Turkey and Greece have long-standing disagreements revolving around the Aegean over territorial waters, continental shelves, the militarization of islands, Aegean air space and search and rescue operations. In addition to the Cyprus dispute, the disagreements over the delimitation of maritime jurisdiction in the East Mediterranean have further complicated the problems between the two countries.

The maritime jurisdiction area claimed by Greece is based on the islands of Crete, Kasos, Karpathos, Rhodes and Kastellorizo. Accordingly, Greece argues that its maritime boundary extends from those islands to the east and south. However, these areas significantly overlap with the maritime jurisdiction areas of Turkey’s Anatolian peninsula.

Turkey argues that the notion of “continental shelf,” by definition, means distances should be measured from the continental mainland, claiming that the Aegean seabed is geographically a natural prolongation of the Anatolian landmass. When two states’ maritime claims overlap, the division is made by the median line. This means that Turkey is entitled to economic zones up to the median line of the Aegean, except for the territorial waters around the Greek islands in its eastern half, which would remain as Greek exclaves. However, Greece claims that all islands must be taken into account on an equal basis as a mainland. If we accept that, Greece would gain economic rights to almost the whole Aegean.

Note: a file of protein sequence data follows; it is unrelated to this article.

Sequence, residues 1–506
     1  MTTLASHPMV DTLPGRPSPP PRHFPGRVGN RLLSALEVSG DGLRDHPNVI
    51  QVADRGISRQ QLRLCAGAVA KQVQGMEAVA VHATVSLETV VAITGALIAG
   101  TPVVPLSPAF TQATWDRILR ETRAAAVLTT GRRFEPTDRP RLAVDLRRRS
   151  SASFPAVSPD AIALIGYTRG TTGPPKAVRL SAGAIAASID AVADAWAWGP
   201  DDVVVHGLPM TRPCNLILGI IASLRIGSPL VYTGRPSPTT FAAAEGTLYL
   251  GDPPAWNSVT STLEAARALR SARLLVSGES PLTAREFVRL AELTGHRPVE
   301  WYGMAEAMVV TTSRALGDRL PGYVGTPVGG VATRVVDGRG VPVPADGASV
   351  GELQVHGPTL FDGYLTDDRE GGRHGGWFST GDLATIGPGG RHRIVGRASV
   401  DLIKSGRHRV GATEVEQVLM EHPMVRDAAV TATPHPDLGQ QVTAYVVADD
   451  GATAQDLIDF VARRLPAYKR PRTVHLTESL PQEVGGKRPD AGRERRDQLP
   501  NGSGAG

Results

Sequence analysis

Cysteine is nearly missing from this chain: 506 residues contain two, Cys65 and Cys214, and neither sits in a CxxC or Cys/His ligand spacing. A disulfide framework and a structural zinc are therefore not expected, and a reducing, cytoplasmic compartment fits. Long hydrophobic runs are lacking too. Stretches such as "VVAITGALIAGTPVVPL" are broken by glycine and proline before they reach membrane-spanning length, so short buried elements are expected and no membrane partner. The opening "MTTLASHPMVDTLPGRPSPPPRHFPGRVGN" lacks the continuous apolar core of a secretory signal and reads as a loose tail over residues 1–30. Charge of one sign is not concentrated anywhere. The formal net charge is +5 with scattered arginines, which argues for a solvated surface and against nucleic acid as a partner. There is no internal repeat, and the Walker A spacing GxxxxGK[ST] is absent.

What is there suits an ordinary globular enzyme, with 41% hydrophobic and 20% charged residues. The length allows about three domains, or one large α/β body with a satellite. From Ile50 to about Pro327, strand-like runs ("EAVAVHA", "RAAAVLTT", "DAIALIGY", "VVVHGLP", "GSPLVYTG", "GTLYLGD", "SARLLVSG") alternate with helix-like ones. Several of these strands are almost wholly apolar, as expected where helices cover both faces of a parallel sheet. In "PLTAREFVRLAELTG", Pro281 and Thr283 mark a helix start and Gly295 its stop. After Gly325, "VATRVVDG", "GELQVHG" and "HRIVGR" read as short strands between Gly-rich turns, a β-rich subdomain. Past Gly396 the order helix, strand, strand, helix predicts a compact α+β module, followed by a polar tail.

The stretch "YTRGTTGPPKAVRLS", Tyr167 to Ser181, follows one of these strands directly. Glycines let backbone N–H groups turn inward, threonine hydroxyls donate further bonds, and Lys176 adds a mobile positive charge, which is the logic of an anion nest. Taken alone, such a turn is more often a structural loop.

In this context, Greece has claimed a maritime zone according to the position of Kastellorizo island, the focal point of the maritime dispute in question.